How to prepare for auditions

 4 July 2012

Matt Selby is a casting director with Belinda Norcliffe Casting. He has advice on how to prepare for commercial auditions, with five quick tips to take away.

Matt Selby is a casting director with Belinda Norcliffe Casting, one of London’s busiest casting agencies
Matt Selby is a casting director with Belinda Norcliffe Casting, one of London’s busiest casting agencies

Commercial castings can be one of your toughest experiences as an actor.

  • You often have short notice, with less than a day to prepare.
  • You’ll be up against plenty of actors who look a lot like you.
  • You’ll probably only have about five minutes to convince the casting directors that you’re what they’re looking for.

So how do you make those minutes count?

The advice of a casting director

Matt Selby works with one of London’s busiest casting agencies. His clients include Vodaphone and the BBC. He’s also worked as an actor himself, so he understands the pressures all too well. He’s got a very clear idea of some of the dos and don’ts that an actor should understand.

He began leading workshops to help actors give themselves the best possible chance in that little window of opportunity.

Matt points out that, just by being in the room at all, you’re already beating the odds. There are well over 65 000 actors listing themselves as available for professional work in Britain today. And that’s before you take models into consideration, which they will be for adverts.

By the time you’ve been asked to come in for a casting, you’ve narrowed those huge odds down to somewhere between forty and fifty. That’s a great start! For Matt, you’re already at an Olympic standard, so you should come in feeling confident.

How to present yourself

"If you’re coming in to a job and you’ve given us the right headshot that represents who you are, that’s an important thing. That’s your calling card.

"Sometimes we bring people in and discover their headshot doesn’t represent who they are. So make sure you have the right headshot.

"The biggest thing that nails jobs is attitude."

"The next point should be, if you’re in the room, you should look right for the job. That should be taken care of."

So think about what you know of the character you’re going to play. You’ll often get a brief explaining what the advert is about and how your character fits in.

Dress appropriately for the part. You needn’t show up in a full costume, especially if that would make you look ridiculous! No clowns or alien outfits.

But if you’re auditioning for a business executive, don’t come in a scruffy T-shirt and jeans. Anything that makes it easier for the casting director to picture you in the part is a definite advantage.

How to prepare

Learn any lines you’ve been sent. Having them to hand in case you get stuck isn’t the end of the world, but make sure you’re more than familiar with the script. Because once you’re in the room and have made your introductions, a short screen test is the next step.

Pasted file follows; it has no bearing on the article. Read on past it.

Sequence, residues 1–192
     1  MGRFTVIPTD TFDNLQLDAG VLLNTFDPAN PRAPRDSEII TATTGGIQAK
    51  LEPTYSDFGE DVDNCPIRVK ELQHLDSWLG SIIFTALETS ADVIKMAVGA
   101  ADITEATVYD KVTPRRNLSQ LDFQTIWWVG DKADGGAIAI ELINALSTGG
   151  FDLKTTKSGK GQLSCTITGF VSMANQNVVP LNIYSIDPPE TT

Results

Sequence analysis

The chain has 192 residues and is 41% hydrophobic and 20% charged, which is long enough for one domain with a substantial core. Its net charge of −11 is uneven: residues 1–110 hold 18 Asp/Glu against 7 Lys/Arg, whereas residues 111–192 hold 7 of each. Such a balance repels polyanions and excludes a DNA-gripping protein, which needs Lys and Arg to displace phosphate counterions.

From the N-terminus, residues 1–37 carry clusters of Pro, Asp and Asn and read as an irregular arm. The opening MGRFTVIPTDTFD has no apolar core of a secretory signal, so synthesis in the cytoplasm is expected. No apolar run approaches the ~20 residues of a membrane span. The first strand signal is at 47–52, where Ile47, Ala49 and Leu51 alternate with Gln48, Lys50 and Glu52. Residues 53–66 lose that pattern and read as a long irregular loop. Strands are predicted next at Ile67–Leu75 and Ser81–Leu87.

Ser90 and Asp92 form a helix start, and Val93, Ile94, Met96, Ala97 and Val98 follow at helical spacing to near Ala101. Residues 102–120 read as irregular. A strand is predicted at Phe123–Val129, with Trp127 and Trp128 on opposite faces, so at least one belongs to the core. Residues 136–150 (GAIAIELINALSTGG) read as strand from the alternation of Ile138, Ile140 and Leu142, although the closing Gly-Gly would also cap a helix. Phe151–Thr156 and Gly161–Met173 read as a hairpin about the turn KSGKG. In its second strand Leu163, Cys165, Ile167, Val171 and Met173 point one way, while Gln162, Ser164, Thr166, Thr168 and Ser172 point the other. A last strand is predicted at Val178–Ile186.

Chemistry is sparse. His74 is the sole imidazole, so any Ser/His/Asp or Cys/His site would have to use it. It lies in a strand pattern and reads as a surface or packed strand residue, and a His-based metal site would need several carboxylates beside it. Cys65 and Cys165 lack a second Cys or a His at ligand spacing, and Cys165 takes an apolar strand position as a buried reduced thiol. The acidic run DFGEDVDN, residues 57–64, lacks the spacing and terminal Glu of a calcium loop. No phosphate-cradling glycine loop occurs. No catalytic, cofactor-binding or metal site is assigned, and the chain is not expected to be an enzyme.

"The next thing is your acting ability," says Matt. "And let’s be honest, commercials don’t always test that. Sometimes it’s just a person walking into a bar saying hello. Just like anybody does in their normal life.

"I’ve spoken to other casting directors, some people think acting is the most important. For me, the biggest thing that nails jobs is attitude.

"People bring the wrong stuff into the room. They bring in their own drama, they bring in a problem they had today, but this is business. If I walked in with my own personal issues to every casting, I wouldn’t get anything done!"

Matt believes strongly that having the right frame of mind as you come into an audition is key.

"You don’t go on a date and start moaning about your life. It makes you unattractive! I don’t think you should come in with that intention.

"I see a few people in every casting who come in and they bring the wrong emotions with them. They need to forget that for the business side of this.’

How to make your own luck

But maybe you’ve just had a bad day through nothing but bad luck – can you actually shake that off? Matt believes you can, and that’s one of the main things he teaches in his workshops.

"We are, basically, what we think we are and what we feel we are. And when those two align, that’s when the magic happens.

"Remember: you’re already ahead of the game just by being there!"

"That’s powerful stuff, it really is. I really believe that I have something that I can get to anyone."

Through a variety of techniques, Matt helps actors access their confidence in themselves. That’s vital in a career that can often be quite disheartening. Anything you can learn to do for yourself can give you a fantastic edge.

"When people leave the workshop, they’ve got sets of skills, things to remind themselves, and I believe it sort of helps them own what they do again.

"A lot of actors put their faith in their agents and let the work come to them. I don’t personally think that helps the individual.

"People who are being successful, whether they realise it or not, are doing something that keeps them in the frame. There is a sort of luck involved, but I think a lot of it is made luck. You can make your luck.’

5 tips for commercial auditions

  1. Learn any lines you get ahead of time. Arrive off book if at all possible!
  2. Think about how you can find the truth of the character. Many adverts use big characters that you need to make believable, so use all your usual acting tools and techniques as you consider who you’re playing.
  3. Dress for the part, it helps the casting director see what they’re looking for.
  4. Remember: you’re already ahead of the game just by being there!
  5. Leave your worries at home, come in feeling positive about yourself and the job.


For more details on Matt’s workshops or forthcoming CD, you can contact him on

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